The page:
Government agencies increasingly share digital data as part of their commitments to Open Government. While well intended, this information is often shared in formats and ways that are not easily understood by non-specialists, Indigenous peoples and members of the general public, nor do they address data governance issues and cultural protocol associated with Indigenous data. Furthermore, communities cannot readily access and use data stored in various repositories for community well-being and decision making about activities that impact the community. To this end, UBC Okanagan and Open Context have developed an interactive visualization of digital archaeological collections that enable insights into archaeological heritage. Interactive visualizations summarize information, and allow navigation of large volumes of data. These tools can implemented and developed for a range of digital archaeological collections.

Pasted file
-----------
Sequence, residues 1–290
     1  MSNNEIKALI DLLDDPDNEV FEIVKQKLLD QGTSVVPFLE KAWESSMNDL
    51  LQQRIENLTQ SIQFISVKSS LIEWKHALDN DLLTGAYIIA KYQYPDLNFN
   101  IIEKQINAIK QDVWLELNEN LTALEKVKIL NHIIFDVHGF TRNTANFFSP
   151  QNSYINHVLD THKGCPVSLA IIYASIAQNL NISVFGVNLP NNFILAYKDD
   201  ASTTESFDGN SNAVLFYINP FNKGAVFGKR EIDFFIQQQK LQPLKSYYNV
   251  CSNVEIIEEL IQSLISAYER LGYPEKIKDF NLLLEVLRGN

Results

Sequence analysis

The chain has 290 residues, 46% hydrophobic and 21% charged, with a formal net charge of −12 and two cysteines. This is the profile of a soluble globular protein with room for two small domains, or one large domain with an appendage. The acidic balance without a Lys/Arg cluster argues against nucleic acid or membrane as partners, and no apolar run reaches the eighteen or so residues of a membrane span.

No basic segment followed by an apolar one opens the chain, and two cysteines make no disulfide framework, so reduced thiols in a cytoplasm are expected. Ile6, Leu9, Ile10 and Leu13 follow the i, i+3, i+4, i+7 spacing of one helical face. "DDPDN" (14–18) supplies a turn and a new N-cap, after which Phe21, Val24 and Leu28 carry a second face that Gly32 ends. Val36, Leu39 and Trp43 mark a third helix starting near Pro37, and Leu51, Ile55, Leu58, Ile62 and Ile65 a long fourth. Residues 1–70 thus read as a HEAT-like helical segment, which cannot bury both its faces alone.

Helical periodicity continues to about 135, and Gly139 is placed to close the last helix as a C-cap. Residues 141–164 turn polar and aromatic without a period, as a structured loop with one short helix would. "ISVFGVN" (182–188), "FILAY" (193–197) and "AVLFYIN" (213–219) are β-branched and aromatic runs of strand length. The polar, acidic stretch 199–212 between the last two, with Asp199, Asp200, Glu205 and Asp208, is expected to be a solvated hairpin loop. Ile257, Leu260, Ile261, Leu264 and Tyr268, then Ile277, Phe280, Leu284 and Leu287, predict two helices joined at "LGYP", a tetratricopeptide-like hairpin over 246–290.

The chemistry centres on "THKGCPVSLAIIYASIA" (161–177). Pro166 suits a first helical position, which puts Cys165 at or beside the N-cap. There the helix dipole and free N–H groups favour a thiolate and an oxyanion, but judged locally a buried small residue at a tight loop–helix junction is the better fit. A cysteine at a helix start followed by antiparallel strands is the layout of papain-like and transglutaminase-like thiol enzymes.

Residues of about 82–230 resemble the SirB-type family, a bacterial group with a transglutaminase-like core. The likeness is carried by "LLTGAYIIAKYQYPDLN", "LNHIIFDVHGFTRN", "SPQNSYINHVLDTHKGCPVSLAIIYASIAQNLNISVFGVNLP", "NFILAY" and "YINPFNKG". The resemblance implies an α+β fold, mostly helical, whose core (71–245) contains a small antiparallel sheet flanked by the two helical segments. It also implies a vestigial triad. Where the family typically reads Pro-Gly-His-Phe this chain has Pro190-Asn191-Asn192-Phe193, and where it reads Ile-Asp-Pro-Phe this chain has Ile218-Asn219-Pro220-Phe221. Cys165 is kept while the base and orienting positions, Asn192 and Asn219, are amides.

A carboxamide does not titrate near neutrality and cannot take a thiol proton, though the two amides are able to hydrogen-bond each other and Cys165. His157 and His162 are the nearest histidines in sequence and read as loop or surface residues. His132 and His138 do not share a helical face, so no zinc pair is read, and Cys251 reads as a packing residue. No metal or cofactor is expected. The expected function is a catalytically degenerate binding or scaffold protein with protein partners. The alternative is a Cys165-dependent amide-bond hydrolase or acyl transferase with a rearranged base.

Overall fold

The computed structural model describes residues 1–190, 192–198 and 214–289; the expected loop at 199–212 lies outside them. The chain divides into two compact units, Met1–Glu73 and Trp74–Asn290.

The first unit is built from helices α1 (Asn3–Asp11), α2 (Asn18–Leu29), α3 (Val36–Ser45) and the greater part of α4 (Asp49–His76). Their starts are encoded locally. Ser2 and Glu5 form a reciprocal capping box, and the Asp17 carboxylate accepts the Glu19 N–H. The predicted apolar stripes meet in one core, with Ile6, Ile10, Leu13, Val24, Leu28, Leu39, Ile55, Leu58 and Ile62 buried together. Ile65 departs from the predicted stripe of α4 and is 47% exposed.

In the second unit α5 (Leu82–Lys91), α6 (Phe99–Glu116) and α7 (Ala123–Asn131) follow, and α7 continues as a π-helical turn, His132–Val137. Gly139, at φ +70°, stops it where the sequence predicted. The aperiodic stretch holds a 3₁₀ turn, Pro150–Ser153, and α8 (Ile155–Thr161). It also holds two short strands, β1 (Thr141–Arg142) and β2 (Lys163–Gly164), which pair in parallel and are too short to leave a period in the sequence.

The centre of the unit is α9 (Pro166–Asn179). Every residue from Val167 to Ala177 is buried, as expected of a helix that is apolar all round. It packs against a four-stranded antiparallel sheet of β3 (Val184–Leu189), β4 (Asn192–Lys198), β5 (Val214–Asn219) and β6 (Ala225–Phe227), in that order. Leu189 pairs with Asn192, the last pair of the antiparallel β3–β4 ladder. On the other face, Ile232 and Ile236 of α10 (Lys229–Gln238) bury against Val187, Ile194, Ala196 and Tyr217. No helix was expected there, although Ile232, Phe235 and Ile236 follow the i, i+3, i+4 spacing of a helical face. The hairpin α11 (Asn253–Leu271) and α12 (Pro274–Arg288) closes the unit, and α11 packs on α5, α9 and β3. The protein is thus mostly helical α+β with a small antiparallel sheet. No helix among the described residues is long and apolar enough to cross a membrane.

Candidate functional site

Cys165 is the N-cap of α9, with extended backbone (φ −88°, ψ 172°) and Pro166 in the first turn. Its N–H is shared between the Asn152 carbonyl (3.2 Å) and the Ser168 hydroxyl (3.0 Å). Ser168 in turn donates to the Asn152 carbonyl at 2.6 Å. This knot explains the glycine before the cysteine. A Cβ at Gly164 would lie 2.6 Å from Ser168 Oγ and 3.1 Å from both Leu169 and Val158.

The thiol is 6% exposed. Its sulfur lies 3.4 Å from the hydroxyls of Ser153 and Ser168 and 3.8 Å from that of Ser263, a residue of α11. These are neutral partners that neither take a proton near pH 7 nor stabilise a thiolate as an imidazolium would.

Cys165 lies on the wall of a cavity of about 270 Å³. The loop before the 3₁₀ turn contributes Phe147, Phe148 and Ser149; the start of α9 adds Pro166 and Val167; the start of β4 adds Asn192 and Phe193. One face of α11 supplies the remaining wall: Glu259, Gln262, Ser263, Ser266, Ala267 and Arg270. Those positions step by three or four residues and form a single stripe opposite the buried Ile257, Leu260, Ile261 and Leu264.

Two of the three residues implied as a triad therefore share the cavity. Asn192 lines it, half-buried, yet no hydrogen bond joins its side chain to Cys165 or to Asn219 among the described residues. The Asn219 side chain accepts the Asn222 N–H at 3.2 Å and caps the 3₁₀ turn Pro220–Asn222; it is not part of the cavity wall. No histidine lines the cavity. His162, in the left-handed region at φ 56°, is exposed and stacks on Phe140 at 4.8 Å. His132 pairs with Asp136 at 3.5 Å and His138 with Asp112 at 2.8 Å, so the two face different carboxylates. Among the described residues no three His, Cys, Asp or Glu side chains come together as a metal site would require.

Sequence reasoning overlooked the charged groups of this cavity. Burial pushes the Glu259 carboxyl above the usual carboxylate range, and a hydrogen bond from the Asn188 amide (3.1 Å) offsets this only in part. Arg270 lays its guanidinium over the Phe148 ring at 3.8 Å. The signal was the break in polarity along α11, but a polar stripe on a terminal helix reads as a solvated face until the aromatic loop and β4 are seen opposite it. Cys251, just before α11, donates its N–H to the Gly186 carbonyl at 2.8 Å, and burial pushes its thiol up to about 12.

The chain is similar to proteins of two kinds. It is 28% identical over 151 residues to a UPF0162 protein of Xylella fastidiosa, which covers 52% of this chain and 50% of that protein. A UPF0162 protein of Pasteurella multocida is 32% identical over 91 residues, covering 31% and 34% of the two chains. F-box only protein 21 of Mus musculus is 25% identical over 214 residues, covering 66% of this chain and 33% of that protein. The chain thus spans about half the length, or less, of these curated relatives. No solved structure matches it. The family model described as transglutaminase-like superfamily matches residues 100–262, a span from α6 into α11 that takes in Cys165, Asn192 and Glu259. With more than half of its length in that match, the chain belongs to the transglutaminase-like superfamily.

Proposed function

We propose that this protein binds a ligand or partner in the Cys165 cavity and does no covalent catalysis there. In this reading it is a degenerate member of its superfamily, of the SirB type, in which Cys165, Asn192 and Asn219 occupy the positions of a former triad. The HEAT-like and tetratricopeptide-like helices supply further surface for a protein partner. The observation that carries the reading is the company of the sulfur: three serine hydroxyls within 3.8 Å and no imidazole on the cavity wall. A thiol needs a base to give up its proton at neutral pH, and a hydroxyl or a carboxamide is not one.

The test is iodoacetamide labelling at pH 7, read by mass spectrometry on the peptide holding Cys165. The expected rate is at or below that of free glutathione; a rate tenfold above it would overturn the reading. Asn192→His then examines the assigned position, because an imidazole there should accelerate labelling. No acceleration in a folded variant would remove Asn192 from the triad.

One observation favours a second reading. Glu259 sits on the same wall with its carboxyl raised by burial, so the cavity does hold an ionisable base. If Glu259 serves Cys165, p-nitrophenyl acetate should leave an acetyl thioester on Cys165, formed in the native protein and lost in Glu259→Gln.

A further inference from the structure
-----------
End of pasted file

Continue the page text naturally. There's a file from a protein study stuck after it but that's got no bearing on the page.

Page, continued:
Interact with the visualization. The visualization demonstrates the co-occurrence between motifs and decoration techniques on pottery from the Poggio Civitate digital collection. Orange nodes represent motifs and decorative techniques are blue nodes. Edges or lines connecting nodes represent counts of co-occurrences. The thicker the edges, the greater the number of co-occurrences.
The project is funded by the UBC Okanagan Public Humanities Impact Award.